4) Transitions & the Bend

Whether we are warming up, in the middle of schooling, or cooling out there is always room for transitions and bending! Transitions between and within gaits keep a horse’s back up as he prepares for the change in balance. Transitions within gaits are my favorite because the change in balance can be so subtle and built into other exercises.

Keeping a horse working through changes of bend has similar effects. As the horse stretches the outside of his back he flexes the muscles on his inside. In both transitions and bending through his body, the horse loads and unloads power in his hind end, almost doing push ups from behind.

5) Hills

Hill work is a wonderful way to supplement any exercise program! To make the most of schooling up and down different terrain, we need to focus on the horse’s quality of movement and self carriage (IE- Bio-mechanical Correctness). The reasoning behind this focus is simple- the only way to build muscle is to use, stretch, and push the intended muscles. No matter how intensely we push a horse, unless we use the right muscles, we won’t build them.

For most horses with a muscle deficit, it’s important to keep the intensity of hill work low. Stretch walking up and down hills with big circles and figure-eights is my favorite starting point. Once it becomes easy for the horse, we add in a few trot transitions up the hill. Then move to canter transitions. As the horse gets fitter, the work gets easier. When a horse is quite fit and developed over his topline, a more uphill frame and transitions up & down the hills can help improve coordination and muscle memory.

Hill Work Rules of Thumb

  • Don’t Over Do It

    • Remember that horses typically have more cardiovascular fitness than muscle development, so it’s easy to push for more than is healthy for muscles. 

  • Quality First

    • Keep in mind- it takes working the right muscles to build the right muscles, no matter the work intesity

  • Slow & Steady Wins the Race

    • For muscle deficient horses, longer, less intense schooling will trump short, intense burst of exercise. As the horse develops, more intensity will become relevant. 

About Madison Maavere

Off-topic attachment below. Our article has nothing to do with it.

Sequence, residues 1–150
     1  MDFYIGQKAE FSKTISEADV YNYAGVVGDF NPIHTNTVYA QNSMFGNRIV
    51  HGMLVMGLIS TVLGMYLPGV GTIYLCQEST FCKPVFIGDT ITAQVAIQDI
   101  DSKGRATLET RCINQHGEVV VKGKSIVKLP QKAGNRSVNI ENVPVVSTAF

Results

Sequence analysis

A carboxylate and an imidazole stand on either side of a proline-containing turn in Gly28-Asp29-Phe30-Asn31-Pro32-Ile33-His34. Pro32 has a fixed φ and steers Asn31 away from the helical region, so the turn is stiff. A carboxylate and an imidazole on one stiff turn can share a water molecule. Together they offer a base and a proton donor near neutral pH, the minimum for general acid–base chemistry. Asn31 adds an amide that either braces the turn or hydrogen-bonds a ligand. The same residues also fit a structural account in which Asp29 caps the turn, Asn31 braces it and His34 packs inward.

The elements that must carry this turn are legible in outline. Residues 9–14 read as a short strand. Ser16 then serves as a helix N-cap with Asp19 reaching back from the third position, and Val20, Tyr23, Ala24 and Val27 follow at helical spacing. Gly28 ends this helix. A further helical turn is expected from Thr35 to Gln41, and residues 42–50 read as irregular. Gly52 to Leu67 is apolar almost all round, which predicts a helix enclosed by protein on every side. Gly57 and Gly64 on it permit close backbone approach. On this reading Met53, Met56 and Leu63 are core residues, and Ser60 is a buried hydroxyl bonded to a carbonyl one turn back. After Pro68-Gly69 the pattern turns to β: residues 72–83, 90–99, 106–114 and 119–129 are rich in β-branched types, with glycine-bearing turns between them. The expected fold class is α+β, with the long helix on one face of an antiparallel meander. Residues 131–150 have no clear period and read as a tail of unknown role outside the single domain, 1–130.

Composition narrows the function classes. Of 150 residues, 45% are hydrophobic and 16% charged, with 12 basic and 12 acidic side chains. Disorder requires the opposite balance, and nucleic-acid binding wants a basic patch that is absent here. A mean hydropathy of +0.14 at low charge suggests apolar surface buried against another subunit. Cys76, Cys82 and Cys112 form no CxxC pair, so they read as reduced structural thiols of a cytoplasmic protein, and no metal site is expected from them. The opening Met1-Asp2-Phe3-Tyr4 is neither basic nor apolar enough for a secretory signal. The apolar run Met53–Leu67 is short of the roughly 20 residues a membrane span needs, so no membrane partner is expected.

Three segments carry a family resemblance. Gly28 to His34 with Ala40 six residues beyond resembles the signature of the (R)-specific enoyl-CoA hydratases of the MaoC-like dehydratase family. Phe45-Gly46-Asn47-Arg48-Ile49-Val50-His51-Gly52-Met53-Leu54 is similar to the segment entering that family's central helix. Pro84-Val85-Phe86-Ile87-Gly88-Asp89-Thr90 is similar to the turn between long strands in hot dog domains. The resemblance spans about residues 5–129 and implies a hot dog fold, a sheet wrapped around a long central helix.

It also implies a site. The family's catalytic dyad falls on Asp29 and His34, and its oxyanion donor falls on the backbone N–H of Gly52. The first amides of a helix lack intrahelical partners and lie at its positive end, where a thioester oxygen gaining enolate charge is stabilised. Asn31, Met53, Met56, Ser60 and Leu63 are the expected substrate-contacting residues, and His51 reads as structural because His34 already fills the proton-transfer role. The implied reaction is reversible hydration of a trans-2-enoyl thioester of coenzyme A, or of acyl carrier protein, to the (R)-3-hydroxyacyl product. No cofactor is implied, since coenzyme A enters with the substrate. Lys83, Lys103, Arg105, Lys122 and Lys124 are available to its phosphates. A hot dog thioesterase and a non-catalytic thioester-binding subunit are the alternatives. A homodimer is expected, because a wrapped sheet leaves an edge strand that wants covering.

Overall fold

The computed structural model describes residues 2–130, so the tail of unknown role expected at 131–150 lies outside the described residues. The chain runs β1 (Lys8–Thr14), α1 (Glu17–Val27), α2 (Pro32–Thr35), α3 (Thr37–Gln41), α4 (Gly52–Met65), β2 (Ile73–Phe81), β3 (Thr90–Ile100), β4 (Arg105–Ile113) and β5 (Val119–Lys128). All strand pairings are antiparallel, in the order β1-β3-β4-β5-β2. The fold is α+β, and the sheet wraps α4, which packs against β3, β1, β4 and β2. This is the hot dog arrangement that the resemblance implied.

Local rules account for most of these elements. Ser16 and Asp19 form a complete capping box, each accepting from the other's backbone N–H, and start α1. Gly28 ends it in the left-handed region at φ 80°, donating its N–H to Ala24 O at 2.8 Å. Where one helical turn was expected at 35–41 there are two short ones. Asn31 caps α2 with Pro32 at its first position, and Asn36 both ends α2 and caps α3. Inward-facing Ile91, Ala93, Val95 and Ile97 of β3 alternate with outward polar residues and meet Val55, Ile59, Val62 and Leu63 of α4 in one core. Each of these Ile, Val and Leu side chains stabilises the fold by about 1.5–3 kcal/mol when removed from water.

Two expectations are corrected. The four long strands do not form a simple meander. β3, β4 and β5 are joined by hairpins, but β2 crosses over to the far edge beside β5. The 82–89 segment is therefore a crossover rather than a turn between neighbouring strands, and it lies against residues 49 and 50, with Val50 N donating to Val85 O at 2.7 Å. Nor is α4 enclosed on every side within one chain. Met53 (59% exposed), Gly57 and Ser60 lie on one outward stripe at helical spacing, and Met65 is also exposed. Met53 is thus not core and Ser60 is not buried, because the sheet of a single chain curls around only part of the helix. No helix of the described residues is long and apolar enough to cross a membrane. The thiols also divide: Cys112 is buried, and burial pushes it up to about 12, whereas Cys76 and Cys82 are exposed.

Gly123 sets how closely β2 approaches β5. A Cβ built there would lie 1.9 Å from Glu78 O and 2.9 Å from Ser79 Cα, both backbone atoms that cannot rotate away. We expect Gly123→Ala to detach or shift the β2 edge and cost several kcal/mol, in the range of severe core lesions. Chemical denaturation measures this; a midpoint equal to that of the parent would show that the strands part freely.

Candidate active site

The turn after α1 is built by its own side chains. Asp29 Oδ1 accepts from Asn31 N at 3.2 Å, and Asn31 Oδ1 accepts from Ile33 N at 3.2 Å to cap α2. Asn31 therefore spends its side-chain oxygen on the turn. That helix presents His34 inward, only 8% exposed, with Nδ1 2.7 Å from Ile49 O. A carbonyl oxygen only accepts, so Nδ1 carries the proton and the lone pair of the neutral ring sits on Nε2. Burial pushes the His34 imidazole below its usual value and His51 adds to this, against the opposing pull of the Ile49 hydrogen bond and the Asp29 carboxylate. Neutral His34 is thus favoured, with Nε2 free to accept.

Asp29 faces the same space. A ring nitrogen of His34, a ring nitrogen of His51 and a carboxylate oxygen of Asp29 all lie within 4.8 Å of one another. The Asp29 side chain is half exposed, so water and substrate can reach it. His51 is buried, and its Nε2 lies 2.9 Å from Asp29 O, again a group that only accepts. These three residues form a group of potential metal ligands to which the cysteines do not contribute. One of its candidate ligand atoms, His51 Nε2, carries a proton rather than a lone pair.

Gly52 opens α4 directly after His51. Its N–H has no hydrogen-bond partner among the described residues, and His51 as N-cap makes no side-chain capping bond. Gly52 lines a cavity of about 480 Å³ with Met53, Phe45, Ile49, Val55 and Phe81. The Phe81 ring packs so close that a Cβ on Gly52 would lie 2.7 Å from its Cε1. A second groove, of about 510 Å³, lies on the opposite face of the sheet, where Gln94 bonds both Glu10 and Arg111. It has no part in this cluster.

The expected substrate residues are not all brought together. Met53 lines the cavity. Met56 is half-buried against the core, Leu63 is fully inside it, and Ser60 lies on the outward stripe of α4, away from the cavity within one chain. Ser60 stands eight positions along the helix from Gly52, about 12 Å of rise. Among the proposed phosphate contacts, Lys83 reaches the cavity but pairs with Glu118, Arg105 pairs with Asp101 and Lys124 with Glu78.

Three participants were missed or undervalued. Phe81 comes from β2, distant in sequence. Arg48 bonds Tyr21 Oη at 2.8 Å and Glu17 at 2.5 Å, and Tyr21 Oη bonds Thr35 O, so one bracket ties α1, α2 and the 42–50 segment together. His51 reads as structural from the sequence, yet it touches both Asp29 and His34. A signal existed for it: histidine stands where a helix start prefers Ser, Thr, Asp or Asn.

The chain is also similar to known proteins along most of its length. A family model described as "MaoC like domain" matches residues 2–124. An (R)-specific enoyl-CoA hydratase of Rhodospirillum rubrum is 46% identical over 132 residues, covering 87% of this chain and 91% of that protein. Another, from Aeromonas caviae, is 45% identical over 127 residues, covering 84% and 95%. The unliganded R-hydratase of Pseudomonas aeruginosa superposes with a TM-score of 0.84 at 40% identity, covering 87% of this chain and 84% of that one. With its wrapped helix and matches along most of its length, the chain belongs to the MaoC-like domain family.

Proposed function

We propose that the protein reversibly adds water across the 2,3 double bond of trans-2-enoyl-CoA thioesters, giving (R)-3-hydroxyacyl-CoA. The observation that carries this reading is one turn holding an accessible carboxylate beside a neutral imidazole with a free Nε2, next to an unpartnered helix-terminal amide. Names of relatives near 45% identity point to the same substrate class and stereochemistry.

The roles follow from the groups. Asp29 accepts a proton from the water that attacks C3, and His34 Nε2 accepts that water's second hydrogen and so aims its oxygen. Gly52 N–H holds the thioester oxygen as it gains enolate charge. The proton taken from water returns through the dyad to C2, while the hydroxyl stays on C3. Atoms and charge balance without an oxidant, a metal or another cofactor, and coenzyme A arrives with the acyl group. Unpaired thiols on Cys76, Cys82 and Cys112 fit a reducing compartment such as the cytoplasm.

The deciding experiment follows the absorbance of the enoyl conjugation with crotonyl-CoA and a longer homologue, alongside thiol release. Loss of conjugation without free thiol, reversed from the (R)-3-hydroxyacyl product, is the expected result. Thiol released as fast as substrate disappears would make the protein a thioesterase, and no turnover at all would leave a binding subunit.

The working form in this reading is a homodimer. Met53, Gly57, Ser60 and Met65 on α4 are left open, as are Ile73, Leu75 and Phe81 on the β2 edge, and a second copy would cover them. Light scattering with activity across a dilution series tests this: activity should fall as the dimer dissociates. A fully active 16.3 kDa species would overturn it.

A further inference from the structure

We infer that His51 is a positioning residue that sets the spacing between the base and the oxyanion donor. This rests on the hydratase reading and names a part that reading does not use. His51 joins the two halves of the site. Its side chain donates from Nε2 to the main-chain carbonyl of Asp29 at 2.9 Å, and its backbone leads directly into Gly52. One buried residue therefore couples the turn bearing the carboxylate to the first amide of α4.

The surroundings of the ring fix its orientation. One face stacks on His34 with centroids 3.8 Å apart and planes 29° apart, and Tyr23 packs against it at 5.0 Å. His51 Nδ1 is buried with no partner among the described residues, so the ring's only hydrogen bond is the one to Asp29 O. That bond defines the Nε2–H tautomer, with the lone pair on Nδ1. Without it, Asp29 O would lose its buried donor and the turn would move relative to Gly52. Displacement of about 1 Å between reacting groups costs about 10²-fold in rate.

Hello, I am a young professional in the equine industry with a passion for improving horses' physical health and emotional wellness. I grew up riding horses in north Georgia and by the time I was 10, I decided I wanted to ride professionally. This dream grew into the mountain that I climbed every day, striving to reach the top. Until I was 16, I did not have my own horses, so I began diving whole-heartedly into any barn that would allow me to work off rides, training, and showing. While this path may not have gotten me the most blues in the show ring, it opened my eyes and my heart to the vastness of the horse world and how perception based it can be. When I was 16, my family moved out on 6 acres so I could have my horses at home (IE, so my family could see me on a daily basis), and for this, I am truly grateful. Running my own farm, albeit small, was liberating and humbling, and it revealed to me that my passion was not so much for riding sport, but for the love of the horse. Fast forward 6 years, and I am well into my final year as an undergraduate Equine Science/Management major at the University of Kentucky. I have been so fortunate in the opportunities I've received here and the relationships I've been able to build. The cutting edge research, quality horsemanship, and innovative businesses located around Lexington, KY have given me a strong sense of reality, and inspired me to really look at where I can make an impact in today's horse world. What I've realized is that while I like equestrian sports, I love the horse. Moreover, I love to help the horse. I want it to be happy and relaxed, to be sound and comfortable, to eat well and be healthy. I want the horse to have every defense against pathalogical disease, and I want it to have skill sets that people value so it can live a long, loved life. In this love, I feel called to advocate for the horse. I want to learn everything I can about how to improve horses' sustainable wellness, and I want to share what I learn so that horsemen of all experience, backgrounds, and goals can feel inspired and enabled to improve their horses' lives. It is my true desire to initiate and spread a dynamic in which horses are not for the industry, but the industry is for the horses.